Daniel Swarovski, formerly David Swartz, was the son of a glass cutter in Bohemia, where he became skilled in the art of class-cutting. In 1892, he invented and patented a revolutionary electric cutting machine, using hydro-electricity which was used in the production of crystal glass. This allowed crystals to be cut more precisely than by hand. Swarovski is now a fifth generation family-owned bsiness with over 25,000 employees.
Swarovski crystals are man-made gems manufactured in Austria. In 1892, Daniel Swarovski invented a machine for making precision-cut, beautiful, high quality lead glass crystals using quartz, sand, and minerals. The exact proportions of these raw materials has remained a company secret. This specialized manufacturing process ensures the highest possible degree of precision which produces brilliant crystals. For five generations, the Swarovski family has continued the tradition of making the most recognized crystals in the world out of their factory in Wattens, Austria.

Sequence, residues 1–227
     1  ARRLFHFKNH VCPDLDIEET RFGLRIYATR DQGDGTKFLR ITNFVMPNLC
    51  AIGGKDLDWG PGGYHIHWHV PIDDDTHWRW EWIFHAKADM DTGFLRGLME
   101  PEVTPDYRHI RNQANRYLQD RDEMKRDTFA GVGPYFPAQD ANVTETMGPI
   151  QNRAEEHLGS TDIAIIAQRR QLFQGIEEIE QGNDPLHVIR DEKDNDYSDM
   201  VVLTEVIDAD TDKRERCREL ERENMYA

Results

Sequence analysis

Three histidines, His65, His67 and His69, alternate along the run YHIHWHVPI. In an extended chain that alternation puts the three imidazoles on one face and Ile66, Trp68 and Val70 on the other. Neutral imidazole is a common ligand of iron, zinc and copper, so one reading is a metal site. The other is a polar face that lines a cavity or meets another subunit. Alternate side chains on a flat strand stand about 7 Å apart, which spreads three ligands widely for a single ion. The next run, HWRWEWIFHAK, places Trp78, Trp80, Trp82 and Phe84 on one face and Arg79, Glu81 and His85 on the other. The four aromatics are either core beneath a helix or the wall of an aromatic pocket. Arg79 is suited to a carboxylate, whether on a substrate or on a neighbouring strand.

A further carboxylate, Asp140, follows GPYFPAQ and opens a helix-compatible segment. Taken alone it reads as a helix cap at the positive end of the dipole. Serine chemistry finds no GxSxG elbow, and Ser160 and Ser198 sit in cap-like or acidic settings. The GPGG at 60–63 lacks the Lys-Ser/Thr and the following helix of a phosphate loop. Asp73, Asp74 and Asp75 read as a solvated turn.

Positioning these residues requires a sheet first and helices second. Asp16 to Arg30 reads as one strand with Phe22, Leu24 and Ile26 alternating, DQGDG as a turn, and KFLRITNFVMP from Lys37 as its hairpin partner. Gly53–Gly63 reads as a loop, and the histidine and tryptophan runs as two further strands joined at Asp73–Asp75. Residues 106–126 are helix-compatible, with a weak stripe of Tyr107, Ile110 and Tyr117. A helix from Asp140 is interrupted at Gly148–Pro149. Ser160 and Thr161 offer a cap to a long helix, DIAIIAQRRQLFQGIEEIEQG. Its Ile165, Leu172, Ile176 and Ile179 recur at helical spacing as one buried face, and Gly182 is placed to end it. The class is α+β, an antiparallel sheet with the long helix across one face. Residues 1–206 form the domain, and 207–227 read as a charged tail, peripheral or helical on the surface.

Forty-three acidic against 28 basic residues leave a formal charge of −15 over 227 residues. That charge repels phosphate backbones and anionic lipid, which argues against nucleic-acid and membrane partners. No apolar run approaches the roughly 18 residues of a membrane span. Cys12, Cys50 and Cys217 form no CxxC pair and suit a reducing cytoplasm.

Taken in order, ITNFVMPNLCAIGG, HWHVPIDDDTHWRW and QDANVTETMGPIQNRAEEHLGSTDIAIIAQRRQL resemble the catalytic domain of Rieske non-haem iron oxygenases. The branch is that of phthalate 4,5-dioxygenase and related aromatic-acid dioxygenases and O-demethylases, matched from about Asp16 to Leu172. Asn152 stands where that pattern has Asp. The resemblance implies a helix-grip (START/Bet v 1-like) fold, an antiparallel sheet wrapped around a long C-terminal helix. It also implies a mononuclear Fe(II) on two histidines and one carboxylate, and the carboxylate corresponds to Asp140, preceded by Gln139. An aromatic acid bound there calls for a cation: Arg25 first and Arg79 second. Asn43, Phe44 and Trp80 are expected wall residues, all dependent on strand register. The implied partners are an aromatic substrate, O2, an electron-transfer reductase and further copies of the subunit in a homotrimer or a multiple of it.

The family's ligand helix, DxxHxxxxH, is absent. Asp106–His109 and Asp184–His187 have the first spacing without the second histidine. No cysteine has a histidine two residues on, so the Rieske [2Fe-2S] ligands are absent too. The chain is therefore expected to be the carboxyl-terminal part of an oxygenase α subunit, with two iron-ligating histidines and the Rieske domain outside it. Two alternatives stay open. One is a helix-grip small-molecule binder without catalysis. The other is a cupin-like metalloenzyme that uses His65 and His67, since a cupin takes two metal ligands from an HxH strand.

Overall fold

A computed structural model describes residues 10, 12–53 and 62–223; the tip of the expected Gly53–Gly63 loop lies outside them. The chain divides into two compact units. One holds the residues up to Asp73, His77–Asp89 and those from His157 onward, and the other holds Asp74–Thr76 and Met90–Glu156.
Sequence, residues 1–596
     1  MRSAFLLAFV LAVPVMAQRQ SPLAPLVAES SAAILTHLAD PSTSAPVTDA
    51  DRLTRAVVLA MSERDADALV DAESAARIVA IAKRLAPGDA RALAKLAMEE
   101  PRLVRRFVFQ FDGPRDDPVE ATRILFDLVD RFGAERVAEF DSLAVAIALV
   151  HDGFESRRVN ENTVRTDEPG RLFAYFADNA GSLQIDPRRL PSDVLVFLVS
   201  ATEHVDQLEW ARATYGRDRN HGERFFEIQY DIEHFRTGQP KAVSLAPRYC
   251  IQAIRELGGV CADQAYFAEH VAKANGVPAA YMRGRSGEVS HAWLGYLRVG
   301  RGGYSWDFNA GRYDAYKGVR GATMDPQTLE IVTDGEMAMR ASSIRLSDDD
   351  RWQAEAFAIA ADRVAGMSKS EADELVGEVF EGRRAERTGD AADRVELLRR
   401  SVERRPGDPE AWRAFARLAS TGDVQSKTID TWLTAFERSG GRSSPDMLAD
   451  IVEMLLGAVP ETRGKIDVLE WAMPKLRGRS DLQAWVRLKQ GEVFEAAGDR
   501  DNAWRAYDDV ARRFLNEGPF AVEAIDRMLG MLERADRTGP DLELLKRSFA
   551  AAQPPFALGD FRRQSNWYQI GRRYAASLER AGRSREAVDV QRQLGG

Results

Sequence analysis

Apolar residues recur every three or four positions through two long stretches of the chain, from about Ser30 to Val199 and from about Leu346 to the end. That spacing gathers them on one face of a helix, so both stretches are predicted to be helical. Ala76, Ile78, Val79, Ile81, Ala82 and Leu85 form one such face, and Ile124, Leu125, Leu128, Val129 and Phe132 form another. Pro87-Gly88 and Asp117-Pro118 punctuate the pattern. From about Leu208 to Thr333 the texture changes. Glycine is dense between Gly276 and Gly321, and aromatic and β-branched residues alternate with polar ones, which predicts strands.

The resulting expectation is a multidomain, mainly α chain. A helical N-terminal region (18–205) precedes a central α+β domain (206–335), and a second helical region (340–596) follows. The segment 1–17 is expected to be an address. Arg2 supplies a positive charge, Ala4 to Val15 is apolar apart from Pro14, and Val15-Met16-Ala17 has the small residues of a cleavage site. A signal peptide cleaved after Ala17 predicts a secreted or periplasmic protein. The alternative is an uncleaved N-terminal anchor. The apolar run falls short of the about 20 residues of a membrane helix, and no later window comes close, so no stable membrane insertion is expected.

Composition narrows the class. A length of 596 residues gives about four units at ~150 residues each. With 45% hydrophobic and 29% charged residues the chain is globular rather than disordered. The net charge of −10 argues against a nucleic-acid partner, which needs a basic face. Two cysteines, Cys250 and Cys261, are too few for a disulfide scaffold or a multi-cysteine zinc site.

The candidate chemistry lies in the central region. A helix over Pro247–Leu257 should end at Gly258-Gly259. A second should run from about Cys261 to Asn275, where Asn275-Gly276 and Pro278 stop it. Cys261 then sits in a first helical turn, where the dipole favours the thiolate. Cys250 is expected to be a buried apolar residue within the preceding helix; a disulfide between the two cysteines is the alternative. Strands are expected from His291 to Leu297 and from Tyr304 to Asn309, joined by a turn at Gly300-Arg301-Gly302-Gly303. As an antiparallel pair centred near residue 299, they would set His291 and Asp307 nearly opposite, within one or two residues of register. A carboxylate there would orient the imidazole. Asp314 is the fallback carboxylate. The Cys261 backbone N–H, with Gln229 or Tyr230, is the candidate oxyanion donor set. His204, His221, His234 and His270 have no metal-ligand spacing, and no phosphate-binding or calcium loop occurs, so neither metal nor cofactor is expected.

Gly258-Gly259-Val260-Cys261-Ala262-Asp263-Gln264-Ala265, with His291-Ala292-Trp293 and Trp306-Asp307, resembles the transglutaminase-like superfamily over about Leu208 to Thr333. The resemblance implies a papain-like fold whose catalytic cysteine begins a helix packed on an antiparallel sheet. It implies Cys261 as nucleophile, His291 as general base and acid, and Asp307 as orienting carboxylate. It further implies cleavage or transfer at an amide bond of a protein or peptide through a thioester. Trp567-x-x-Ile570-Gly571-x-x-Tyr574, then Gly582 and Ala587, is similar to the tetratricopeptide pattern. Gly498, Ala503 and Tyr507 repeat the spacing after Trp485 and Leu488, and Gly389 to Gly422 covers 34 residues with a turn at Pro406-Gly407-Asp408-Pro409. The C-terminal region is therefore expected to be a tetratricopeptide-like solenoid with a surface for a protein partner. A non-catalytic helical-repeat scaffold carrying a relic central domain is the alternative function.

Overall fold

Swarovski crystal jewelry should be treated the same as fine jewelry. Avoid exposing the crystals to water, chemicals, or harsh treatment from work or sports. Always remove Swarovski crystal jewelry prior to swimming and after applying makeup and lotions to skin. Mild soap, water, and a soft cloth should be used for cleaning and polishing Swarovski jewelry. When possible, store Swarovski crystal jewelry in its original packaging. If the original packaging is not available, store pieces in tissue paper or a soft cloth to guard against loosening the crystals or scratching any metal.
Simmons, Robert; Ahsian, Naisha. The Book of Stones, Revised Edition: Who They Are and What They Teach (several pages). North Atlantic Books. Kindle Edition.